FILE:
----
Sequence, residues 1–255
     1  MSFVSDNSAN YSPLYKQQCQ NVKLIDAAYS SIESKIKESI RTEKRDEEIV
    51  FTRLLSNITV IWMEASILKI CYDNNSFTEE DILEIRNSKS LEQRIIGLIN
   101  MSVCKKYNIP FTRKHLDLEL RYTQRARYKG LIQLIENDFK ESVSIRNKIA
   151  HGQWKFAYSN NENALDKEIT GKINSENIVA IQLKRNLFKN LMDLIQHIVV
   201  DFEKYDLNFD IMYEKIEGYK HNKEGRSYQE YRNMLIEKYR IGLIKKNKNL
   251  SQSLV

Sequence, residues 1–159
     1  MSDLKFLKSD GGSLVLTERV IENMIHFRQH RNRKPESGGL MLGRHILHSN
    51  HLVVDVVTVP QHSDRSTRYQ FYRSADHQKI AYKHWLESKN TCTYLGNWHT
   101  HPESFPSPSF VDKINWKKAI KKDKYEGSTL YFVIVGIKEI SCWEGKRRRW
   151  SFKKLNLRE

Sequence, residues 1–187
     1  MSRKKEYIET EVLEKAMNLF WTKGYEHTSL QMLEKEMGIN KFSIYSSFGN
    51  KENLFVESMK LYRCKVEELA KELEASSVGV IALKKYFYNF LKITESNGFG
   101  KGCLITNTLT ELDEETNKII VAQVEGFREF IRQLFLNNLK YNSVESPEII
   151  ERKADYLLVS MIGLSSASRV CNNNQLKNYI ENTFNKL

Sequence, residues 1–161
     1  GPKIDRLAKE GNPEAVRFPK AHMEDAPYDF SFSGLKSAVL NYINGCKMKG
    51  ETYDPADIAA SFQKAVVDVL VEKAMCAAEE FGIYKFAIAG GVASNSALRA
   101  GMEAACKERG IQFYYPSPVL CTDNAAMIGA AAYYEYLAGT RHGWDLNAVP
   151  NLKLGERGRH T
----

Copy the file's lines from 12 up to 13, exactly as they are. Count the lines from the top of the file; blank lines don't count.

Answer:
   151  SFKKLNLRE

Sequence, residues 1–187